With today being #timetotalk day I thought to lay bare some of my recent struggles with depression and how I’ve coped with living with the illness since 2009.
Question and reflection
Unless you keep a diary, life can seem an unrelated series of events. It’s only when you begin to realize that current moments can be a reflection of past events that you begin questioning what is going on.
Rather than escape it, I learnt from the past
I’m naturally someone who doesn’t try to dwell on the past but I have learnt the hard way when it has come to my own health. After two serious bouts of depression in 2009 & 2013, I now recognise the triggers that can lead me along the dark road to the gulf that is the black dog. Although my depression of 2009 was a shock, I learnt the signs of when I was at my weakest. So when I felt and recognised those same indications in 2013 I took myself straight back to my doctor to seek help.
Yes, I still suffered from depression that year but I had much more control over my emotions. I knew what had helped me in 2009 and what hadn’t. It is said that those that experience a depressive episode in their life will normally experience at least one further episode. I was ready for it the second time round and better prepared to seek the help I needed early.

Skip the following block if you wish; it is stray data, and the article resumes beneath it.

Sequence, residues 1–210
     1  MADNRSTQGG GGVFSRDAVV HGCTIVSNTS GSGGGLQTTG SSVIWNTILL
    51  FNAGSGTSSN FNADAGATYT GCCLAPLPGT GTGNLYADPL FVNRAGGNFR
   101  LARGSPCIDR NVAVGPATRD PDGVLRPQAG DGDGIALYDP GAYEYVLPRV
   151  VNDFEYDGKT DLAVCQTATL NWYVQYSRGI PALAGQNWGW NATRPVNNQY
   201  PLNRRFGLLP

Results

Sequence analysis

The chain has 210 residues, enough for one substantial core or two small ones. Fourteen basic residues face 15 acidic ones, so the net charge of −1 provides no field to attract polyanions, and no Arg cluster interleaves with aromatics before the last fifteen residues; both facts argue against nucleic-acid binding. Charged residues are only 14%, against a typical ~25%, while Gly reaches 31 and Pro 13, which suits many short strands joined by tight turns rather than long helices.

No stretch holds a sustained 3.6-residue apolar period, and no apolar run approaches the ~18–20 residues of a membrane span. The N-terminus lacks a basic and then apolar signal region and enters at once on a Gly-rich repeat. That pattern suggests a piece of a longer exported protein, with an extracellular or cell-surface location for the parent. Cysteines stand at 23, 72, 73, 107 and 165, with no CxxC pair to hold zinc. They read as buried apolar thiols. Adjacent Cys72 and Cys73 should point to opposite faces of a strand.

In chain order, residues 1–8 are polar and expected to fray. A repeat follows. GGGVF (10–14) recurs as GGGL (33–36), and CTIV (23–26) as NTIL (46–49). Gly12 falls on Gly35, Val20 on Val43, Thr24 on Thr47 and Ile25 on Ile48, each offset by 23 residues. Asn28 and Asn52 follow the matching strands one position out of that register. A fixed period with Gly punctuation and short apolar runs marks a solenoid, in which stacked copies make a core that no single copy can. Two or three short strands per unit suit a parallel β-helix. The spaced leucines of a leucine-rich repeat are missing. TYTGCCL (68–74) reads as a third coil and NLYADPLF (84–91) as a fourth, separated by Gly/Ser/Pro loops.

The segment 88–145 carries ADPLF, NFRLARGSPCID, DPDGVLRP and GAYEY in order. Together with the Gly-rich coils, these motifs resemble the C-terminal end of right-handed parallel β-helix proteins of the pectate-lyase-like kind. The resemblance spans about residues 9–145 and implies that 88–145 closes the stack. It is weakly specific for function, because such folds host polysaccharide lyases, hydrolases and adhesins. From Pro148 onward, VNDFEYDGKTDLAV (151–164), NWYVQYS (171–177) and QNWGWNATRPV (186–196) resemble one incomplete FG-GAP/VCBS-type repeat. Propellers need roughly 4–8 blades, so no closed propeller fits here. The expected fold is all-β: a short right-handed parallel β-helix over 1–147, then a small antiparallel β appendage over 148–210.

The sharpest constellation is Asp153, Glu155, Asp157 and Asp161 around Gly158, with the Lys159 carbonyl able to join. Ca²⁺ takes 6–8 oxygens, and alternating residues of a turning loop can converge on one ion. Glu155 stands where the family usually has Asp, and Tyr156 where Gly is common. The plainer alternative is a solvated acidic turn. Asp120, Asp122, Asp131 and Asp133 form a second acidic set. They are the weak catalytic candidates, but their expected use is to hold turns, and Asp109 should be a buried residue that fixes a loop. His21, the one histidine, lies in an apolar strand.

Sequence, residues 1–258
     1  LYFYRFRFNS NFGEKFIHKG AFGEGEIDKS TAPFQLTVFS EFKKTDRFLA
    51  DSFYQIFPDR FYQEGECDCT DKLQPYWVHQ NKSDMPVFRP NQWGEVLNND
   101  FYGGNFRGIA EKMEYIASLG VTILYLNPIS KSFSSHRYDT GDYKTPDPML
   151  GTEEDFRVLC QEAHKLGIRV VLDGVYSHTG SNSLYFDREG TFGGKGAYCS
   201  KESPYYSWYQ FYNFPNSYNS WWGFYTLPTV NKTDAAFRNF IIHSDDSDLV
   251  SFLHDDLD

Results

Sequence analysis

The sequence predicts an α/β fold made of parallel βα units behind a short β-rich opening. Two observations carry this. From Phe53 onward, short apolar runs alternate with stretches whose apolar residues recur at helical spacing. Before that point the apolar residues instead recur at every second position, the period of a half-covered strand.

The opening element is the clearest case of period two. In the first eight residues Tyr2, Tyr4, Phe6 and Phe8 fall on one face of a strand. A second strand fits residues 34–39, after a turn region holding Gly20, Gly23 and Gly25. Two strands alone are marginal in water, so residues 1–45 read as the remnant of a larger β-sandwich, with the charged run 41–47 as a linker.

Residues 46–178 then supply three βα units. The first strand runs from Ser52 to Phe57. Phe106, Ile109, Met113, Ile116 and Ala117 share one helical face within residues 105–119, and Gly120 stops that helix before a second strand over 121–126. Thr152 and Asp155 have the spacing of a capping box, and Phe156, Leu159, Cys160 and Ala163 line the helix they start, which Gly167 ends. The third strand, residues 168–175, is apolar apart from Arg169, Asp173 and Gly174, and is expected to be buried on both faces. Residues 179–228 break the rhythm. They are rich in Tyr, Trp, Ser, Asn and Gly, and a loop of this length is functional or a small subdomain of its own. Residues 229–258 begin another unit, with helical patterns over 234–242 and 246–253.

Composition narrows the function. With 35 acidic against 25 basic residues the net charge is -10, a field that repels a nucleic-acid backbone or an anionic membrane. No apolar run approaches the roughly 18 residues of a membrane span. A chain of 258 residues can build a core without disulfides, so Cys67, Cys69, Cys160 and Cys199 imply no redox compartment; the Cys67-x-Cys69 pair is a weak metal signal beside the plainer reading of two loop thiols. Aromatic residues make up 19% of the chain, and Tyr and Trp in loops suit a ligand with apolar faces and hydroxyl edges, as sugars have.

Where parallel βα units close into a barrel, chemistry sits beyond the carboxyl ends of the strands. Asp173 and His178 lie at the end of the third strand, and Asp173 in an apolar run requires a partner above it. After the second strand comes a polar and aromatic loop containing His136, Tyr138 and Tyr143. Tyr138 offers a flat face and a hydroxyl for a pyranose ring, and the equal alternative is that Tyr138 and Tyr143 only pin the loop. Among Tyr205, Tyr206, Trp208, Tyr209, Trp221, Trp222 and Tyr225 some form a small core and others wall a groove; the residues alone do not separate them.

I now look for patterns of behaviour that are indicative of low mood. Steering away from destructive thoughts, keep those with a negative attitude at arm’s length and enjoying the simple things like the unconditional love from a pet.
These are ways to batter the shadows away from creeping back into view.
But the hardest thing to achieve when depression hits is bringing yourself to talk about it. The easy things seem to be the hardest things to even contemplate, let alone attempt. And coming to terms with depression can be the hardest battle to fight. By the time you know depression has you is when you’re at your lowest ebb. When an event in your life has reduced your resistance to dust, a diseased mind can be left to strip back any purpose you had left to live for.
If you know someone struggling with depression, please don’t judge. Don’t tell them to ‘pull yourself together’, instead give them time to fight their demons. Hold their hand, be a friend, keep them warm, have patience, listen to them but don’t judge and expect plenty of tears. They need you more than they know, trust me.